Solution of the Structural Analysis

COMSOL’s Methodology for Modeling Multiphysics PhenomenaExample: Fully Coupled Physics with Joule Heating and CFD with weakly coupled FSI using a segregated approach

Fluid dynamicsand heat transfer

Thermal analysis

in solids

Electromagenticfields

Structural Analysis,thermal expansion

Assembling of equations

and discretization

using FEM

This step is defined in

the solver manager in the

user interface, and does not require file transfers nor scripts. The segregationcan also be used for bidirectionalcoupling in order to save memory.

T

u,v,w

how difficult is it to add the structural analysis

How difficult is it to add the Structural Analysis?

Not difficult at all, it takes a few minutes…

slide54

De-activate the structural analysis in the air subdomain

All mechanical properties are temperature dependent. This is the fifth multiphysics coupling!

slide55

The temperature variable, T, is entered to couple temperature to the thermal expansion, which is part of the fifth multiphysics coupling.

slide56

Fix the base surfaces.

Set symmetry.

The predefined components for the forces from the fluid, for example T_x_chns, are entered in the corresponding edit fields. These are available in the predefined variable list. This is the sixth multiphysics coupling!

slide57

Note that you can also solve this in a moving mesh, either fully-coupled or using a segregated approach. Both these settings are done directly in the user interface similar to the below setting.

Solve the Structural Analysis sequentially, using the already available temperature and flow fields.

slide58

The deformation and stresses are mostly caused by thermal expansion. The fluid forces have little effect.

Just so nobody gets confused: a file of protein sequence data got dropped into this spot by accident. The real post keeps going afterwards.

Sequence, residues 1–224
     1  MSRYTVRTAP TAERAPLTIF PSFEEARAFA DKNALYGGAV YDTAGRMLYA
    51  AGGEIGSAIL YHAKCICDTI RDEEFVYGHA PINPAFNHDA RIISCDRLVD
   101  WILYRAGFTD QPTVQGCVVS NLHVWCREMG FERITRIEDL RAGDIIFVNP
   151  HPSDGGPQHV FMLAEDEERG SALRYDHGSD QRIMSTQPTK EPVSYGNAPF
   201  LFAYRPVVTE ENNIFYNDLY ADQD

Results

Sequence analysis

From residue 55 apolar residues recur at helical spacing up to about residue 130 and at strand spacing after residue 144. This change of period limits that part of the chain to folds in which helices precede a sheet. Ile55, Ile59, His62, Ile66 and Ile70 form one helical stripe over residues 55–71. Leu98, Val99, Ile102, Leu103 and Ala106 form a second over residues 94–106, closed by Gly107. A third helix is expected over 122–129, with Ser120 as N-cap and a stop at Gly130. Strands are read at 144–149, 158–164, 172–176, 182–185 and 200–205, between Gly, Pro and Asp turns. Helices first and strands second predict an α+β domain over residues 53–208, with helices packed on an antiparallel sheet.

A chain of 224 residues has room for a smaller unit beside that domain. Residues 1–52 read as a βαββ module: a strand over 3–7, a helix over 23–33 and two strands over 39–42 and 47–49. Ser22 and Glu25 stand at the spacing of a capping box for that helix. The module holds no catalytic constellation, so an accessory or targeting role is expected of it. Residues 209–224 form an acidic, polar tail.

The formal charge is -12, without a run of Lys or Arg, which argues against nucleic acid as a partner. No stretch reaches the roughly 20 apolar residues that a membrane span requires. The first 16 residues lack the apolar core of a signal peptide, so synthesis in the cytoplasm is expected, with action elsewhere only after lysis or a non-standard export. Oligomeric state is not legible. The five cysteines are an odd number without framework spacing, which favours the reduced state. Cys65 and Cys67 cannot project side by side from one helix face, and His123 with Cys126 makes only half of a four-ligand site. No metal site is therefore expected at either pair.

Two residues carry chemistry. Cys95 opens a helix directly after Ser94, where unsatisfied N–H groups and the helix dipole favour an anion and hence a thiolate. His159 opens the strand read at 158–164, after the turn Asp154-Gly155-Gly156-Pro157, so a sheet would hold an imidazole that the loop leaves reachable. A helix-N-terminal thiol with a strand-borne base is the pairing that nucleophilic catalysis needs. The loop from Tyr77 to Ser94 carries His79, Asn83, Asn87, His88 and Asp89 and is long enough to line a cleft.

comsol s methodology for modeling multiphysics phenomena concluding remarks
COMSOL’s Methodology for Modeling Multiphysics Phenomena:Concluding Remarks
  • Fully coupled approach for arbitrary multiphysics combinations
    • Full Jacobian (stiffness) matrix is analytically computed through equation interpretation
    • Formulations for moving meshes through ALE
  • Segregated approach
    • To save memory in weakly coupled multiphysics models
    • To obtain good initial guesses for the fully coupled solver for highly nonlinear problems

Electromagetic fields, heat transfer and structuralmechanics in a surface-

mounted electronic package

comsol s methodology for modeling multiphysics phenomena concluding remarks1
COMSOL’s Methodology for Modeling Multiphysics PhenomenaConcluding Remarks
  • Benefits
    • Analytical Jacobian gives, in many cases, convergence in few iterations
    • No interpolation is done if the same mesh is used for different physics both for fully coupled and segregated approaches (yields highest possible accuracy for a given mesh)